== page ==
eckhart-quote

 

Why #10MinutesofStillness? Here’s what I’ve found after a few years of the practice:

 

1. #10MinutesofStillness is the perfect transition.  Do you reach for a cereal bowl and a remote when the kids are finally in bed? Yup, some nights I do too.  Other nights I want to lean into something more creative. Scheduling a #10MinutesofStillness at the moment of transition helps me to be more mindful of my true desires and not just fall into an immediate Netflix hole. I did the same thing when the kids were young enough to nap.

 

2. #10MinutesofStillness gives us a moment of time to be attentive to emotions crowding under the surface. You know how it is. Your irritability is coming from somewhere. Nonjudgemental listening is the first step to untangling. Bring the emotion up into the air, look at it with compassionate curiosity and without trying to be a Fixer. Bring it up and out into the Presence of Christ.

 

3. #10MinutesofStillness is the creative’s best friend. When we’re mired in the tough of the making and the words refuse to flow, just ten minutes of no agenda silence will often unleash the dam and we’re on our way again.

 

4. #10MinutesofStillness is a gateway back to gratitude.  Practice opening up one sense at a time for sixty seconds each, without judging what you receive and without trying to create meaning. And then start thanking God for the simple gifts you are experiencing. Pretty soon the chaos is tinged with joy and you’re ready to love your people again.

 

5. #10MinutesofStillness can push the door open to God’s Presence. When our head is down and we’re leaning hard into hustle, we can forget to be aware of God-with-us.  Light a candle in your quiet space and sit without an agenda but with expectation, contemplatively present to He who is always present.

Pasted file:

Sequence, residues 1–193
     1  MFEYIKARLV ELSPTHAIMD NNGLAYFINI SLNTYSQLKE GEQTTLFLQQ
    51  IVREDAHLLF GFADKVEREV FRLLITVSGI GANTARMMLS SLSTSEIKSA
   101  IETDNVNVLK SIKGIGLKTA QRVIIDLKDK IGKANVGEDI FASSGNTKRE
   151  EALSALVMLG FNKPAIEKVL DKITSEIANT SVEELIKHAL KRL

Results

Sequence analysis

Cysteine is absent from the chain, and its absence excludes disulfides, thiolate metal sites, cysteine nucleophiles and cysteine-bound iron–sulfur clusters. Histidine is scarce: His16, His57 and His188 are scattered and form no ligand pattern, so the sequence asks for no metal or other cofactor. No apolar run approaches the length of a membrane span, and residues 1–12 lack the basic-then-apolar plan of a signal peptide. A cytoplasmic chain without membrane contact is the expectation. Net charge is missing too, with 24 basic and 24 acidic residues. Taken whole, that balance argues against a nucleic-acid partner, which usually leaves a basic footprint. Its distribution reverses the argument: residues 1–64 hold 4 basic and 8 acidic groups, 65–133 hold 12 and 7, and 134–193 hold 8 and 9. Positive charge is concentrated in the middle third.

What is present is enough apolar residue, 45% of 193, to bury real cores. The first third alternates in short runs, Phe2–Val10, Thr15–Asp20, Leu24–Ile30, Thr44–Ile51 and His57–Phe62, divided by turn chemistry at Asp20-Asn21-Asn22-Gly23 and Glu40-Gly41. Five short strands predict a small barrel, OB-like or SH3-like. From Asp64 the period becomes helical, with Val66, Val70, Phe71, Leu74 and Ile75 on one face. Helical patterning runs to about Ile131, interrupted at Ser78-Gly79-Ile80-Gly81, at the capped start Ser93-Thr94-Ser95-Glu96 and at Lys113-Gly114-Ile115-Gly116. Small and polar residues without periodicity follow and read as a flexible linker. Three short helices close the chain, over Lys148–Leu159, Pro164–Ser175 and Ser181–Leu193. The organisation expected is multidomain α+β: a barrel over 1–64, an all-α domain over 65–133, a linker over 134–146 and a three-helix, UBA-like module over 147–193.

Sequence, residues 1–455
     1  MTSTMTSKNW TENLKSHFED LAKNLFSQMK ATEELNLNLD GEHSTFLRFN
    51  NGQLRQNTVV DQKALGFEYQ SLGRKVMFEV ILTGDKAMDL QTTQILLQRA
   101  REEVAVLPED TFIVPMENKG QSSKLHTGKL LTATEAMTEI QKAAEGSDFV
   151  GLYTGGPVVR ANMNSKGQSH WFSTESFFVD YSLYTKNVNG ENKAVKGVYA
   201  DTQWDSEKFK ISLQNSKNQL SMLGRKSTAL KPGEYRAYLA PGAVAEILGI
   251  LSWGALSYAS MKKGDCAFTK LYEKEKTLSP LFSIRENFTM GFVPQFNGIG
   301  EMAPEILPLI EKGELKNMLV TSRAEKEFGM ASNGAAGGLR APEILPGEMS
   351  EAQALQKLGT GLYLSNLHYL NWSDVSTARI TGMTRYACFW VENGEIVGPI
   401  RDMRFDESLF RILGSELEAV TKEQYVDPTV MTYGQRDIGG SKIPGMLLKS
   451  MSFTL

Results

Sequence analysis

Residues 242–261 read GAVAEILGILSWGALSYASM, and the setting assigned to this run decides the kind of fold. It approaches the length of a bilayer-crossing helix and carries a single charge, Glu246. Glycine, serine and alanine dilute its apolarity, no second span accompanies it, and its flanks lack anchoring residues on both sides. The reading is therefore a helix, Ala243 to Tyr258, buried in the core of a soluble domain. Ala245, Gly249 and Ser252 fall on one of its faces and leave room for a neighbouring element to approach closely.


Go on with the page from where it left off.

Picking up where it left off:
So, friend, I’m daring you: schedule a mini-Sabbath into your day. Cultivate a small corner of stillness then enter the conversation. What was it like for you? Was it a struggle? Was it a gift? We want to hear. And if you use the hashtag #10MinutesofStillness, let us know! I’d love to see the chorus of contemplatives rise!

 

Do you have another brilliant simple idea for creating calm in the chaos? Do share!

 

Today’s SLOW Word. (The scripture starts at 2:20):

Subscribe on the right for more aThirstforGod.com or the SLOW Word Lectio Divina videos.

You may also like

2 Comments

  1. Reminds me of a story I read once (haven’t been able to find it again) about a missionary to Africa who set out on a long journey with his guides. He was in a hurry to get to their destination and pushed them to move quickly through the long days. After a couple of days, his guides stopped, sat down and refused to go forward. When he asked them why, they said, “we’ve gone too fast and we’re waiting for our souls to catch up.” How often do I leave my soul behind in my urgency to get to my destination? Thank you for this small opportunity in my week to slow down and give my soul a chance to catch up. (Also, I create short prayer yoga sequences, and this scripture is one of them. I don’t think I can attach it here, but it was a nice reminder of that sequence. =))

Leave a Reply

Your email address will not be published. Required fields are marked *